This is the deeper, and inward meaning of the Cross, because the New Testament teaches us that the Cross is the place of spiritual circumcision. All this just says one great thing: only truly crucified Christians, and only a truly crucified church can meet the enemy in the coming battle with any hope of victory. This entering into our inheritance is something which is withstood by all the principalities and powers. All these evil powers in the universe are set against one thing that is, God having a people for Himself to whom He is going to give the Kingdom, when the kingdoms of this world become the kingdom of our God and His Christ. I say that all the spiritual forces are set against that. As we have seen, they will fight to keep the people from coming out to the Lord, and if they cannot do that, they will work to keep them from going on. That is the wilderness story! And if they cannot prevent them from going on, they do not give up the battle. Now you have the story of the Book of Joshua. The people are now in their new possession, and are not fighting with the world. That was in Egypt and in the wilderness. You are not now fighting with the flesh, but you have come through into the heavenly places, and the warfare is in the heavenlies. It is spiritual against the spiritual hosts of wickedness. There is no hope of victory in this realm unless we have come through the meaning of Jordan and heart circumcision.

Now I come to my last point:


The principalities and powers have the kingdom of this world in their power at present, but that power is the birthright of God's Son. That kingdom was eternally appointed for the Son of God, and for all who are with Him. Do you think the enemy [70/71] who so strongly controls this world is going to give it up easily? He will not give up one spiritual metre without a fight! Every bit of spiritual progress is resisted by the evil forces. Surely you know something of what that means! For many weeks I had a most terrible battle over the message for this conference. Night and day, for a long time, I was in that battle. Then some of you know what a battle it was for you to get here! And I can tell you that it has been like that for many, many years! Whenever there is something new of the Lord in view, when there is going to be some new ground taken for the Lord, when the Lord's people are going to move on into something more of Him, there is always a battle. It may be a battle in the spirit, it may be a battle in the soul, it may be a battle in the body, it may be in yourself, or it may be in other people and in other things, but no bit of spiritual ground is going to be taken easily. The enemy sees the implication of the people of God taking the inheritance; his kingdom is weakened, his reign is shortened, and his days are numbered when the people of God go on to the possession. Are you going to let him win? Are you going on? Are you going to take the kingdom? Are you afraid? You notice that in the first two chapters of Joshua the Lord says to Joshua so often: "Be strong and of a good courage!" Why should we not be afraid and of good courage?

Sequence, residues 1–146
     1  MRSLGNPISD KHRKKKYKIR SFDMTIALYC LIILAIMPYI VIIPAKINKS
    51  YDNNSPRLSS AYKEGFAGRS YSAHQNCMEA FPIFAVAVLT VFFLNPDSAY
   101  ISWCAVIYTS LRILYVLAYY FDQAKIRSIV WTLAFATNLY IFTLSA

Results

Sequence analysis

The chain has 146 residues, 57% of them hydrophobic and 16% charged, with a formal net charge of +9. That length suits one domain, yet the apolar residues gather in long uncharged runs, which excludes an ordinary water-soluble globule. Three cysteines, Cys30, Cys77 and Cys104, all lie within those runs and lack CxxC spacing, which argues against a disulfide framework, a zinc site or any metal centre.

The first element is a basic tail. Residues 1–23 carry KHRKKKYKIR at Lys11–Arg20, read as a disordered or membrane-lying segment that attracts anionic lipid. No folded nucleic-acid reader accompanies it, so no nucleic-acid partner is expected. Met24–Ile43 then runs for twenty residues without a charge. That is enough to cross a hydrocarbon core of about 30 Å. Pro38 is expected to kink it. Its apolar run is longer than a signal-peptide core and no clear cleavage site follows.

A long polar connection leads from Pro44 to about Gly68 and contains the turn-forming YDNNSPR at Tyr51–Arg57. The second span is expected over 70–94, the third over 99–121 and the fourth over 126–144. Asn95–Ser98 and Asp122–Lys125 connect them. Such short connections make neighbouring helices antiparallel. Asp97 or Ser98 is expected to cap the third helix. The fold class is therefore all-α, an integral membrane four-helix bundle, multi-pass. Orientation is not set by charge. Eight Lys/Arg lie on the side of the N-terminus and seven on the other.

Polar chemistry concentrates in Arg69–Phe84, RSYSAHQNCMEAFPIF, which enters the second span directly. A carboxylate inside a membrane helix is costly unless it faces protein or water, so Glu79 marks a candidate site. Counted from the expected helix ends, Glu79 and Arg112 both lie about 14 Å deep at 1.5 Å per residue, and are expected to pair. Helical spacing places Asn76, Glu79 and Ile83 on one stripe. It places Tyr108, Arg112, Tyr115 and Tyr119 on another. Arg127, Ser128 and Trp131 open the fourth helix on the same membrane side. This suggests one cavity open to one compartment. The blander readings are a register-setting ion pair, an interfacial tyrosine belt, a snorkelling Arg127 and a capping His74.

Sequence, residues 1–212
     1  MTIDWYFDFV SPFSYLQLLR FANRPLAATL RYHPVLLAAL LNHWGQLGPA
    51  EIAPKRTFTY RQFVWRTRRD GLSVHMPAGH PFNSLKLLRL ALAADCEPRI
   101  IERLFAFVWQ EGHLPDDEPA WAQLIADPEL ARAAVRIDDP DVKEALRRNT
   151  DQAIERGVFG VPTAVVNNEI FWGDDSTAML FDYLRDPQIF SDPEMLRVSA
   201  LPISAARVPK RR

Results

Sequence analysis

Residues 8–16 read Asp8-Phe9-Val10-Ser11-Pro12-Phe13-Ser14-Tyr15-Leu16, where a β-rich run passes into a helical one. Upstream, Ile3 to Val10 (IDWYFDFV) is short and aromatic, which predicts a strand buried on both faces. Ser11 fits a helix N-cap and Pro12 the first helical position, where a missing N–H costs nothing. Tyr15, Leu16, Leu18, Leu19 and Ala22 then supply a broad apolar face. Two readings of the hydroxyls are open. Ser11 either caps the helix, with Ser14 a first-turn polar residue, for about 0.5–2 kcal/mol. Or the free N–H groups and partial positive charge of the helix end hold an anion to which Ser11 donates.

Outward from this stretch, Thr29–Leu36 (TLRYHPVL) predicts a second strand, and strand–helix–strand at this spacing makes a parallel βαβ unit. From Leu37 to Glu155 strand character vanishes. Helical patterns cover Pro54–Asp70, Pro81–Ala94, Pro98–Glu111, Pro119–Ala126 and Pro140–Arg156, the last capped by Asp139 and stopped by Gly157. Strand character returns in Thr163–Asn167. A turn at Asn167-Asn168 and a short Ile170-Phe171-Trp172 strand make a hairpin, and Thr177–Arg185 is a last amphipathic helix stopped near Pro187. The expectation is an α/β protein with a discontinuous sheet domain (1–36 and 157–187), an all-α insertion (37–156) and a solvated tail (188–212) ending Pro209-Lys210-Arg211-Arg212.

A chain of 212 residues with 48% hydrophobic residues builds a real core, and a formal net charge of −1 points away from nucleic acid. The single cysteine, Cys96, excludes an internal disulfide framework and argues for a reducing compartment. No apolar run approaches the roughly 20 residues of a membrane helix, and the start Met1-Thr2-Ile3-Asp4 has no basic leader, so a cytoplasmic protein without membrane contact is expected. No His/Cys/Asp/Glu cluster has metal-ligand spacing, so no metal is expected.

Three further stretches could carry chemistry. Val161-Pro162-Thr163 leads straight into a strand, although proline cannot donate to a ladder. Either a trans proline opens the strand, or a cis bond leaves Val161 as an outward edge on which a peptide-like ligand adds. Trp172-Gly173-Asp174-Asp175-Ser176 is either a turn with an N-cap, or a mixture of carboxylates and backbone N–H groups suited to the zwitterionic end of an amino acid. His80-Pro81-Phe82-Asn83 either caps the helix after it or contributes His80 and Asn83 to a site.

Go back to Joshua, and you find that it is not he who is in charge. Joshua looked "and, behold, there stood a man over against him with his sword drawn in his hand: ... and he said ... as captain of the host of the Lord am I now come" (Joshua 5:13-14). It is the captain of the hosts of the Lord who is in charge! Joshua, as we have said, but represents the energies of the Holy Spirit, and it is in this spiritual connection that the Apostle Paul utters some of those wonderful words: "Now unto him that is able to do exceeding abundantly above all that we ask or think, according to the power that worketh in us, unto him be the glory in the church and in Christ Jesus unto all ages for ever and ever" (Ephesians 3:20). We can count on the energy of the Holy Spirit! The battle may often be very fierce. The enemies may seem to be very strong, but He that is in you is greater than he that is in the world.

So our last word in this connection is: "Be strong and of a good courage!"



We acknowledge with gratitude the following gifts received from the 29th January to the 25th March, 1970: